Human, as defined here-in, is thus not simply another meaning machine to add to the multitude of lifestyle beliefs peppering third-way Britain. It has a destination – praxis, and this praxis includes personal transformation under the guide of al-Qur’an. It is driven by the observation that others have been similarly transformed, at the time of the Prophet (Lings, 1983), as exemplified in the lives of the Saints, both ancient and modern, and their followers (Attar, 1979; Geaves, 2000), as well as those who have pursued a more rational exploration of Islam (Sardar, 2004). My path is as yet uncertain, but not its defining ethic (Bauman, 1993), the fate of the other, an ethic explored and articulated more fully in chapter 3 of part 2.

Human studies is therefore an analysis of various subject disciplines that seeks to propel me towards several clear paths of action. One is knowledge of Islam as a living religion. The second is self-knowledge. The destination of both is al-Qur’an and subsequently Muslim praxis. Yet there is a third path, indicated by and subsequent of the other two, which is necessary if I am to be a knowing reader of the Quranic text. That path is hermeneutics, the “science of interpretation which deals with the relationship between the author… and text.” (Esack, 1997, p.xi). However, unlike Esack, the hermeneutic of the Tasneem Project is defined largely by the writings of Hans-George Gadamer (2004).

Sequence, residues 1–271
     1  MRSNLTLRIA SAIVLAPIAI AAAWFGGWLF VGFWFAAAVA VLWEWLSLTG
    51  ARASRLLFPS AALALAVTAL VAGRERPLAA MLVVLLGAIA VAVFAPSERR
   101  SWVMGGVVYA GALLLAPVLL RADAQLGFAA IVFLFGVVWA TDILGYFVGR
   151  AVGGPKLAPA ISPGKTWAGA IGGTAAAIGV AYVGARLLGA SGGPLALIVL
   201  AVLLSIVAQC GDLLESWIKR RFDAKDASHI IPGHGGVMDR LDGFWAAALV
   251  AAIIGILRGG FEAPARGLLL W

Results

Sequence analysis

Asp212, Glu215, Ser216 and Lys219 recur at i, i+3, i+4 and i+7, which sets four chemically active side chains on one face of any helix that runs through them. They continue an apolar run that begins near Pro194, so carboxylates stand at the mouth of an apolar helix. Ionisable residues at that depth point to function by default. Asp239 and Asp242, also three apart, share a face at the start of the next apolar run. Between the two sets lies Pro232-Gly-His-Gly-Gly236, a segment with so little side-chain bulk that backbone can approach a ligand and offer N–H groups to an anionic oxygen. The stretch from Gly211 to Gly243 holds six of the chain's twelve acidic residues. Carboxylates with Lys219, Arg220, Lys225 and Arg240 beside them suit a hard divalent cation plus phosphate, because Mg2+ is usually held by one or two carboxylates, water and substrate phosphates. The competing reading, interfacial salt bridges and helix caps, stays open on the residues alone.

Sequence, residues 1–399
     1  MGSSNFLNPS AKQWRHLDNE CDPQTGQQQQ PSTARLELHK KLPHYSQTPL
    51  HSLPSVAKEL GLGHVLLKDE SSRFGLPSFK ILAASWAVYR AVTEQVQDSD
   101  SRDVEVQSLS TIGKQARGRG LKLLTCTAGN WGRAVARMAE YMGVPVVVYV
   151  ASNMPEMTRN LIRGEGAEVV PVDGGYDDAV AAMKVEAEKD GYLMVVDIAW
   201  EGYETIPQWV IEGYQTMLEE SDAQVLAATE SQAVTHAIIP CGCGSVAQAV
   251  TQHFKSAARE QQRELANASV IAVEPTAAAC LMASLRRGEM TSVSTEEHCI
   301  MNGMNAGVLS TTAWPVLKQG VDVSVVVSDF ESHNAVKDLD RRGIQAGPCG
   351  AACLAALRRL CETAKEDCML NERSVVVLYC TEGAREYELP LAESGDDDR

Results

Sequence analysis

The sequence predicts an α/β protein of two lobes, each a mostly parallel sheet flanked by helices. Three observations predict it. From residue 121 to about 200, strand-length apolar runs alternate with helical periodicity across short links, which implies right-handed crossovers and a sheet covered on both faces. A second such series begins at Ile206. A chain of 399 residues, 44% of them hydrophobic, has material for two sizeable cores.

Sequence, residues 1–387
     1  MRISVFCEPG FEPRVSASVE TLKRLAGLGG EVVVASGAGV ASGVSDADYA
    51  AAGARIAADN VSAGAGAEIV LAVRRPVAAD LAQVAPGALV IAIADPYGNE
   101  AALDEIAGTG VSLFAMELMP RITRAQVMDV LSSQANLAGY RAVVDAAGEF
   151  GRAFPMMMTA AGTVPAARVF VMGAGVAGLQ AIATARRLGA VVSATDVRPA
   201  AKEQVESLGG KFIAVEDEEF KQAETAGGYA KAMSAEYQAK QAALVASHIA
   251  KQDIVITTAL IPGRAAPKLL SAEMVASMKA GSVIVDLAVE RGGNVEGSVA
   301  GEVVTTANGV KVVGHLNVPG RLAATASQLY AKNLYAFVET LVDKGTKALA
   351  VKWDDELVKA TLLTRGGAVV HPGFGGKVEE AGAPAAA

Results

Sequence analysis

Gadamer’s model proposes a problem centred methodology surrounding the dialogue between reader and text, with the aim of building a fusion of horizons (Horizontverschmelzung). The notion of ‘horizon’ employed here is derived from phenomenology, according to which the ‘horizon’ is the larger context of meaning within which any particular discourse is situated. Part of the role of human studies is to articulate these horizons, by illuminating the Quranic context which is ‘Islam’ and the context of the reader (me), in this instance a white, middle class, male, heterosexual, European, graduate educated, carer of a child with autism.

In order to define ‘Islam’, my starting point is the life of a man who achieved international fame as a Muslim scholar in his youth, only to doubt everything before returning to a deeper, more complete understanding of the Muslim faith (Watt, 1997).

His name was Abu Hamid Muhammad al-Ghazali.